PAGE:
No comments yet.

Leave a Reply

Welcome to Brittle Paper, your go-to site for African writing and literary culture. We bring you all the latest news and juicy updates on publications, authors, events, prizes, and lifestyle. Follow us on Twitter and Instagram (@brittlepaper) and sign up for our "I love African Literature" newsletter.

Monthly Newsletter!

Subscribe for African literature news, and receive a free copy of our
"Guide to African Novels."

Archives

The 2019 Brittle Paper Awards: Announcing The 5 Shortlists

BP shortlist

We are excited to announce The 5 Shortlists for the 2019 Brittle Paper Awards. Launched in 2017 to mark our seventh anniversary, the […]

“Read Salone, Build Salone”: The First Sierra Leone National Book Fair | 5-7 Dec.

SLNBF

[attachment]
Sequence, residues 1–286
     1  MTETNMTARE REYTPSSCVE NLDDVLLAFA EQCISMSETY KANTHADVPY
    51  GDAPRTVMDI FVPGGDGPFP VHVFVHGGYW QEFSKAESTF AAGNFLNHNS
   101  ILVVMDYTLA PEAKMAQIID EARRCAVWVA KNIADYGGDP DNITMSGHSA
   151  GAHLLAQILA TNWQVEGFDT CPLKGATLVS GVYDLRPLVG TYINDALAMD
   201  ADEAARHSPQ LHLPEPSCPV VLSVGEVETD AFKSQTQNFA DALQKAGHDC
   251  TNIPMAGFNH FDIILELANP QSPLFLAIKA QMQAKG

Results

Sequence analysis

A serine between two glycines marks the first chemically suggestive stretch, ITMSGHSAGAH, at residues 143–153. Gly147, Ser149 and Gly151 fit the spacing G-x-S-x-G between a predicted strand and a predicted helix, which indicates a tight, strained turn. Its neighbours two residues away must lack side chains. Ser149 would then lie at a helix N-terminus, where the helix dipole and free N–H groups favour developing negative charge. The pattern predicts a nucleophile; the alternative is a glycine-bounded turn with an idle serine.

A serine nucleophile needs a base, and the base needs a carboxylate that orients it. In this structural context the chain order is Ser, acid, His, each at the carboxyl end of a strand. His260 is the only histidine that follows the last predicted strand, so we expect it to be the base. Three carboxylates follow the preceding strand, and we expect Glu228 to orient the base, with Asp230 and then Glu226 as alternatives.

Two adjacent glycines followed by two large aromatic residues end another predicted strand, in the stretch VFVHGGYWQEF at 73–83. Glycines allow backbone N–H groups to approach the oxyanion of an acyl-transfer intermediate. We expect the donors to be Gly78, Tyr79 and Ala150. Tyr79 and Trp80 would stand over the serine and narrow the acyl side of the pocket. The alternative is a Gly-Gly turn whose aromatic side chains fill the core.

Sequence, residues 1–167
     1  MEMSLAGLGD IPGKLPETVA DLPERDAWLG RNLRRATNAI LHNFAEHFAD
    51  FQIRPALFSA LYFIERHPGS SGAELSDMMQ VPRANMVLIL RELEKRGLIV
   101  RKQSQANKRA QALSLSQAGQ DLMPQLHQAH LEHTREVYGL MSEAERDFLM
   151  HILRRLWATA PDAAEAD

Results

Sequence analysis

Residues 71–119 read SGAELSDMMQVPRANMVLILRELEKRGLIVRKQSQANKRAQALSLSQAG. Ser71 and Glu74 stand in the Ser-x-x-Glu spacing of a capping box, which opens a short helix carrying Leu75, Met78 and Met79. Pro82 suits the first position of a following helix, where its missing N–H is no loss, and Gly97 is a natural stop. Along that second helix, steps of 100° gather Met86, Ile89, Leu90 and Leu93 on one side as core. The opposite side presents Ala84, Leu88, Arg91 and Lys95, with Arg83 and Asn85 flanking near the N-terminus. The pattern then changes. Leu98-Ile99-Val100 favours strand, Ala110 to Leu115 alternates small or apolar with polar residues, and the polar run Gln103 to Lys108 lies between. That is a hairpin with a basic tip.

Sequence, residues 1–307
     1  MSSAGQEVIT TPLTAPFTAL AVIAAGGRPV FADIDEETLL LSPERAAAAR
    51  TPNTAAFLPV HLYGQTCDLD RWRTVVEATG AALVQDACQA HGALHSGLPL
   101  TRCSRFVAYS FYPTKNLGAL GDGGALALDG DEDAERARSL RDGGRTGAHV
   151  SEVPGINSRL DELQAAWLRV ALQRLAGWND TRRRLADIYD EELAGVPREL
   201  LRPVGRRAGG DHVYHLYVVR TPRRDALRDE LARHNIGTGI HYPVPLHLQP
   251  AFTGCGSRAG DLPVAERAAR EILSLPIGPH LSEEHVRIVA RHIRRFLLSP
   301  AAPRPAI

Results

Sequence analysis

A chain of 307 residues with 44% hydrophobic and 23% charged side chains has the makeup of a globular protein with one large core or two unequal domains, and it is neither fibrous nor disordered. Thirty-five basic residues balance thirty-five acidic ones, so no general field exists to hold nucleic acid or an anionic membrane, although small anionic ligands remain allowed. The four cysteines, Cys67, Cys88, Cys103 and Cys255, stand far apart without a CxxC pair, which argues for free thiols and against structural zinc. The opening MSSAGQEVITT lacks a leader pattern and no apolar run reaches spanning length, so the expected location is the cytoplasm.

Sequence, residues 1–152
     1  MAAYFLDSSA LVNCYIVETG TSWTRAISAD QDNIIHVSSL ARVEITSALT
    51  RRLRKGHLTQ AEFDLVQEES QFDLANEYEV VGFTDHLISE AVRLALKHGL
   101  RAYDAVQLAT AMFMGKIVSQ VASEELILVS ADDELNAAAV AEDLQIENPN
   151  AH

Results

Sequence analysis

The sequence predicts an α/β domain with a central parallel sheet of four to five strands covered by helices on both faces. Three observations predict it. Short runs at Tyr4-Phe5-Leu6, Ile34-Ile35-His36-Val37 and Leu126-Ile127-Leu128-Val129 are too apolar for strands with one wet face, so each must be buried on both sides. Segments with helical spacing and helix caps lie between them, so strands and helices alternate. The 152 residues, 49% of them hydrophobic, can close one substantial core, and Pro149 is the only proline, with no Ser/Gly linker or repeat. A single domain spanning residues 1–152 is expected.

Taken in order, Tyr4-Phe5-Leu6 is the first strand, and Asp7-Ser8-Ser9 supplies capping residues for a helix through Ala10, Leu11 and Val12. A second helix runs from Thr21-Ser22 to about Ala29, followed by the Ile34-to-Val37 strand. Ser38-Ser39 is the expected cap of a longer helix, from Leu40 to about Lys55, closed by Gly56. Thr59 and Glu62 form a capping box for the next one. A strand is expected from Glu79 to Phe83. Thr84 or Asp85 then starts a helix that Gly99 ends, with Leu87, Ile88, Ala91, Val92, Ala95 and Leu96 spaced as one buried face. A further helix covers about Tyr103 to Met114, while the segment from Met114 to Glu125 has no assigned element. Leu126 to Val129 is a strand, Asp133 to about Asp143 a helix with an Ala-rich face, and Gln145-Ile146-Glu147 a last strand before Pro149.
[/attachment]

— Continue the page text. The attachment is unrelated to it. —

Between December 5 to December 7, Freetown, Sierra Leone, will play host to the Sierra Leone National Book Fair—the first […]

Is There a Quota of 5 Books by African Authors for Every “Best 100 Books of 2019” List?

best of best of best of

As yet another year draws to a close, literary lists of various sorts are once again filling our newsfeeds. During […]

Laila Lalami’s The Other Americans Longlisted for the 2020 Aspen Words Literary Prize

Lalami_Laila-1

Moroccan-American novelist Laila Lalami’s The Other Americans has recently been longlisted for the 2020 Aspen Words Literary Prize. Described on the Aspen Prize’s […]

Apply for SBMEN’s Workshop “Literary Criticism: Judging Dynamic Creative Writing in All Forms”| 23 November

Screen Shot 2019-11-17 at 8.57.48 PM

The Society for Book and Magazine Editors of Nigeria (SBMEN) is calling for applications to its fourth (and last) editing […]

They Say There are Over 50 Translations of Things Fall Apart. Here are 61.

Achebe Translation Cover

How many times have you heard or read that Things Fall Apart has been translated into over 50 languages? And yet, […]

Thanks for signing up!

Never miss out on new posts. Subscribe to a digest, too:

No thanks, I only want the monthly newsletter.